FIRPTA Withholding – Top 10 Questions

/FIRPTA Withholding – Top 10 Questions

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What is FIRPTA withholding?
The acronym stands for the Foreign Investment in Real Property Tax Act and is used to describe withholding of tax on the sale of real estate by a foreign person.

Who is a Foreign Person?
A foreign person is a nonresident alien who is neither a U.S. citizen nor a green-card holder and who does not meet the IRS prescribed substantial presence test. The term also refers to a foreign corporation oration not incorporated in the U.S.), foreign partnership, foreign trust, or a foreign estate.

Am I a withholding agent?
Every person who controls, holds custody of, receives, disposes of, or pays any item of income to a foreign person that is subject to foreign withholding is a withholding agent. Attorneys for both buyers and sellers can find themselves liable. FIRPTA defines agent as “any person who represents the transferor or transferee in any negotiation relating to the transaction or in settling the transaction.”

Which payments are subject to withholding?
Sales proceeds realized upon the disposition of a U.S. real property by a foreign person are subject to FIRPTA withholding.NOTE: Other types of income payments to foreigners may be subject to withholding if income is from sources within the United States, and it is fixed or determinable, annual or periodical (FDAP) income. Examples of such payments are: dividends, interest, real property income such as rents, and royalties.

How much do I need to withhold and when?
Generally, you must withhold at the time you pay the income to the foreign person. Sales proceeds from real estate transfers are subject to 15% withholding.

Can FIRPTA withholding be avoided?
FIRPTA is avoided in case of residential sales under $300,000 if the buyer signs an affidavit stating that the property will be their personal residence and the buyer or buyer’s family member will occupy the property at least 50% of the number of days the property is in use during each of the first two 12 month periods following the date of purchase.

FIRPTA withholding rate be reduced?
Sales of property for the use by the buyer as a personal residence are subject to reduced withholding of 10% of the amount realized if the sale is above $300,000 but less than $1 million.Additionally, FIRPTA rate of withholding may be reduced (even to $0) if the foreign seller secures a withholding certificate from the IRS. The application for reduced withholding certificate requires a calculation of the adjusted cost basis of the seller’s property, calculation of taxable gain, and tax on the sale. Consult an experienced tax professional before your closing to determine if a withholding certificate is a viable option.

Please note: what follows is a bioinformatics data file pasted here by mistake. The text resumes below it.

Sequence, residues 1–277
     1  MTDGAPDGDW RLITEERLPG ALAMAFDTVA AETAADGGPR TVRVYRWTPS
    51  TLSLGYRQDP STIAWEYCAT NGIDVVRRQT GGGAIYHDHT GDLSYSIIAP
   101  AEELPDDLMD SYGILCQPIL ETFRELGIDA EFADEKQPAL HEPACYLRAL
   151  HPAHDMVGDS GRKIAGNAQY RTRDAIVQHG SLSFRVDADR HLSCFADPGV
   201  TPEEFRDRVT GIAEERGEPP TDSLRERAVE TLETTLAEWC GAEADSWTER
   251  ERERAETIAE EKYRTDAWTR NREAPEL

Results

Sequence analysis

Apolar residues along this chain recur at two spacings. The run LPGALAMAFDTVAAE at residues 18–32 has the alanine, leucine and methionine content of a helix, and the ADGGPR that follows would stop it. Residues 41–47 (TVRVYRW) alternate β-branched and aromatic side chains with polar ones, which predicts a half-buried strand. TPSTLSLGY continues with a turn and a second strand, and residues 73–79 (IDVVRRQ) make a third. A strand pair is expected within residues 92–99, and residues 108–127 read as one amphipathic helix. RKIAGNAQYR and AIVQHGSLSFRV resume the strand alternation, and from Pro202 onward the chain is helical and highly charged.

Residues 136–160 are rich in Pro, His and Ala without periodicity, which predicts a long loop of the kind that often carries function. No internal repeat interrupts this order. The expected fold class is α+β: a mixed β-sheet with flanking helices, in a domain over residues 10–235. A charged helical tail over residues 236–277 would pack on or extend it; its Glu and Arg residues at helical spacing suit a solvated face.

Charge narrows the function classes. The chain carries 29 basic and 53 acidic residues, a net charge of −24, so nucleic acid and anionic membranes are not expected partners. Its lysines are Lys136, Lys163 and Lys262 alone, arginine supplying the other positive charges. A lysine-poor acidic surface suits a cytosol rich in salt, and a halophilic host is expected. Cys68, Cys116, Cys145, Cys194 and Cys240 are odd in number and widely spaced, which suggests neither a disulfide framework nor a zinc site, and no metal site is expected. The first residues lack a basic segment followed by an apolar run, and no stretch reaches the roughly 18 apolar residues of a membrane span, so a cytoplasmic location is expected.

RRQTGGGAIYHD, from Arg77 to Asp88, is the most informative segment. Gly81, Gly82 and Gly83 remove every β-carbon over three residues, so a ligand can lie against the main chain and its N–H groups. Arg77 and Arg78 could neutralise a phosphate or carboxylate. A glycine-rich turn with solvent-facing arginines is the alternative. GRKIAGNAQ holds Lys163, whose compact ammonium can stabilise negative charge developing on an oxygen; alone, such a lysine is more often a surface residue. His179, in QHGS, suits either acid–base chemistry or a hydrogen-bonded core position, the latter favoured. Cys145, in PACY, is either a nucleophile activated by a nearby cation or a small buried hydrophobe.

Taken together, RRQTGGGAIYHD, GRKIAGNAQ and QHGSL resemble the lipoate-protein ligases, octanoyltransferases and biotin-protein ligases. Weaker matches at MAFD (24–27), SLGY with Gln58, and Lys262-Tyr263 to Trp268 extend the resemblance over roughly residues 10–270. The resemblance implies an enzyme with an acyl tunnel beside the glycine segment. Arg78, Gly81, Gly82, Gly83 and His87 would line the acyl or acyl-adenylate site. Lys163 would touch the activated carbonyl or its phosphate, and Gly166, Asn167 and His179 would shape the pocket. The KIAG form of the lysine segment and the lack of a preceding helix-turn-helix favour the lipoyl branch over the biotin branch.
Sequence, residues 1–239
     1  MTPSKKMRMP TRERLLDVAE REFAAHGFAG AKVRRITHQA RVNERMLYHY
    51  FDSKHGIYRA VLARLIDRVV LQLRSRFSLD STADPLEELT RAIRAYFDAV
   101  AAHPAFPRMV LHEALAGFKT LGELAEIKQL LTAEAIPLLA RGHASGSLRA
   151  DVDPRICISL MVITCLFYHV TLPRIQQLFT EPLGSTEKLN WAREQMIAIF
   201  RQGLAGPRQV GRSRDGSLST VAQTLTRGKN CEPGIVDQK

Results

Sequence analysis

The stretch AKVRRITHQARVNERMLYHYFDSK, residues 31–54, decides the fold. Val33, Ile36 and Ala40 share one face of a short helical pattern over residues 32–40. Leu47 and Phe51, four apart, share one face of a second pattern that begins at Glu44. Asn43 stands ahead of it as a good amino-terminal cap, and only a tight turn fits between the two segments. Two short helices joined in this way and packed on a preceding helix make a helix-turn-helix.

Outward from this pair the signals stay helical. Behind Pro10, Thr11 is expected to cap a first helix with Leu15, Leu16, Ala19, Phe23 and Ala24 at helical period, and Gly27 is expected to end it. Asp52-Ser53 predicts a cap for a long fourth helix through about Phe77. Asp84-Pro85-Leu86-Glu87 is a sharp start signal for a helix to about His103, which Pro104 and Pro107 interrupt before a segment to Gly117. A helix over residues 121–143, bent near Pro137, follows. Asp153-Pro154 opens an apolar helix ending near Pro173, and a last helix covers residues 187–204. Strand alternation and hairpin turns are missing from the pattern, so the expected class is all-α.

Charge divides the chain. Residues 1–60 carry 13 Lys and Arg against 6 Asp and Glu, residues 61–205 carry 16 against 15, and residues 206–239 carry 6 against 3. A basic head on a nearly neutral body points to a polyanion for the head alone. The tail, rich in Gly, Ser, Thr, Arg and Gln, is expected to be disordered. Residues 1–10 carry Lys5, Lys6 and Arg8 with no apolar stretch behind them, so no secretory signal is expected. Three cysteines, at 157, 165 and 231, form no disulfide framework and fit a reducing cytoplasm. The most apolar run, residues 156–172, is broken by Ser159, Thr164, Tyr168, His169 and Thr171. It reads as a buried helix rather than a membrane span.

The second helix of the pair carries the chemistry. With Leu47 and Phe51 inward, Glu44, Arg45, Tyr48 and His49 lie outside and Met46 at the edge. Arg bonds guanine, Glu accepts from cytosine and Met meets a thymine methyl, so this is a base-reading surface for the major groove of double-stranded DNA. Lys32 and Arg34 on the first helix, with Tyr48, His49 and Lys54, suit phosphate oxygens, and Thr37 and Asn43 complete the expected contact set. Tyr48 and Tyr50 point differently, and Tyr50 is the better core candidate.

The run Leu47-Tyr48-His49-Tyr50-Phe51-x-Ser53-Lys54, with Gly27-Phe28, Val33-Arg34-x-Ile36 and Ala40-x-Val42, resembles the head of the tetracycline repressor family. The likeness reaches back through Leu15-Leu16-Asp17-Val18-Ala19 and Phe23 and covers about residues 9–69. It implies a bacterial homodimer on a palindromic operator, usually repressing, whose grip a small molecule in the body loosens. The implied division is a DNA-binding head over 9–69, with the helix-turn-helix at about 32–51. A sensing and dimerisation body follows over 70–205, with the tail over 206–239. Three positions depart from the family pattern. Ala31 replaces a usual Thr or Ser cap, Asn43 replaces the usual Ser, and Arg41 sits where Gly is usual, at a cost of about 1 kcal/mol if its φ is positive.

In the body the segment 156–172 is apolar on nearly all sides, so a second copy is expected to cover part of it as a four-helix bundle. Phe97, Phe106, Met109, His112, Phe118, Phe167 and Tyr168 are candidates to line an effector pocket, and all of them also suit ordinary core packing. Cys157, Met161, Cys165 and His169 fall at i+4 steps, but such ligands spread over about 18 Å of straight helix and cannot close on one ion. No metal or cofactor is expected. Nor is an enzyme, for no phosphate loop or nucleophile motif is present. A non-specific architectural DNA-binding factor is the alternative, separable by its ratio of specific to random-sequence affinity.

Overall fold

What if seller holds a property in a domestic LLC?
Single member LLCs are disregarded by the IRS. Accordingly, the withholding rules apply in the same manner if the individual owned the real estate out right. Domestic multi member LLCs with foreign owner(s) are taxed either as Corporations or Partnerships and are stand alone “persons” in the eyes of the IRS. As such domestic entities, they are not subject to FIRPTA.

How do I submit the withholding to the IRS?
FIRPTA withholding is required to be submitted to the IRS within 20 days of the closing together with IRS Form 8288, U.S. Withholding Tax Return for Disposition by Foreign Persons of U.S. Real Property Interests, and Form 8288-A, Statement of Withholding on Dispositions by Foreign Persons of U.S. Real Property Interests.

Are tax ID numbers required for all parties?
Yes. IRS forms submitted with FIRPTA withholding require identifying numbers for the buyer and the seller. If your foreign seller does not have a U.S. tax ID number, an application for ITIN (form W-7) must be submitted together with the withholding forms. James Moore & Company is your local IRS certified acceptance agent and is authorized to assist individuals with the ITIN application process by reviewing the necessary documents, authenticating the identity when able and forwarding the completed forms to the IRS.

All content provided in this article is for informational purposes only. Matters discussed in this article are subject to change. For up-to-date information on this subject please contact a James Moore professional. James Moore will not be held responsible for any claim, loss, damage or inconvenience caused as a result of any information within these pages or any information accessed through this site.

2018-08-06T12:36:41+00:00

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